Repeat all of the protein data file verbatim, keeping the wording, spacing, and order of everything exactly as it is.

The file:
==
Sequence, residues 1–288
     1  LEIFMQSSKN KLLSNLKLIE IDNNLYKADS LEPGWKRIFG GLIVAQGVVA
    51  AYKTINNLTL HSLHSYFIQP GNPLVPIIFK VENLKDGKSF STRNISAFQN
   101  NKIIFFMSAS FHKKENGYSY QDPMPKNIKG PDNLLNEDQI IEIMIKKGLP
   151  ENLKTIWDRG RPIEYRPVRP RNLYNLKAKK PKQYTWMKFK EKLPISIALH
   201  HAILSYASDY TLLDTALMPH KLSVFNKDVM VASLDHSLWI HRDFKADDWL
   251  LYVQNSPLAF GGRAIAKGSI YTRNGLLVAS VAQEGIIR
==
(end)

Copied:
Sequence, residues 1–288
     1  LEIFMQSSKN KLLSNLKLIE IDNNLYKADS LEPGWKRIFG GLIVAQGVVA
    51  AYKTINNLTL HSLHSYFIQP GNPLVPIIFK VENLKDGKSF STRNISAFQN
   101  NKIIFFMSAS FHKKENGYSY QDPMPKNIKG PDNLLNEDQI IEIMIKKGLP
   151  ENLKTIWDRG RPIEYRPVRP RNLYNLKAKK PKQYTWMKFK EKLPISIALH
   201  HAILSYASDY TLLDTALMPH KLSVFNKDVM VASLDHSLWI HRDFKADDWL
   251  LYVQNSPLAF GGRAIAKGSI YTRNGLLVAS VAQEGIIR